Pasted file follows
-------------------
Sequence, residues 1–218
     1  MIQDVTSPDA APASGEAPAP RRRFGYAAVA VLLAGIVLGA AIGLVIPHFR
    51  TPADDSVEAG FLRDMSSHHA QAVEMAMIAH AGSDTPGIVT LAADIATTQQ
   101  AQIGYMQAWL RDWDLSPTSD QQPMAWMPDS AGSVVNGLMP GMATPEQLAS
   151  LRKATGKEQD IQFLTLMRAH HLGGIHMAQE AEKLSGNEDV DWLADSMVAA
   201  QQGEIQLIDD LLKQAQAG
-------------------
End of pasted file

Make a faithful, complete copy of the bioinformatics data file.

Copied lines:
Sequence, residues 1–218
     1  MIQDVTSPDA APASGEAPAP RRRFGYAAVA VLLAGIVLGA AIGLVIPHFR
    51  TPADDSVEAG FLRDMSSHHA QAVEMAMIAH AGSDTPGIVT LAADIATTQQ
   101  AQIGYMQAWL RDWDLSPTSD QQPMAWMPDS AGSVVNGLMP GMATPEQLAS
   151  LRKATGKEQD IQFLTLMRAH HLGGIHMAQE AEKLSGNEDV DWLADSMVAA
   201  QQGEIQLIDD LLKQAQAG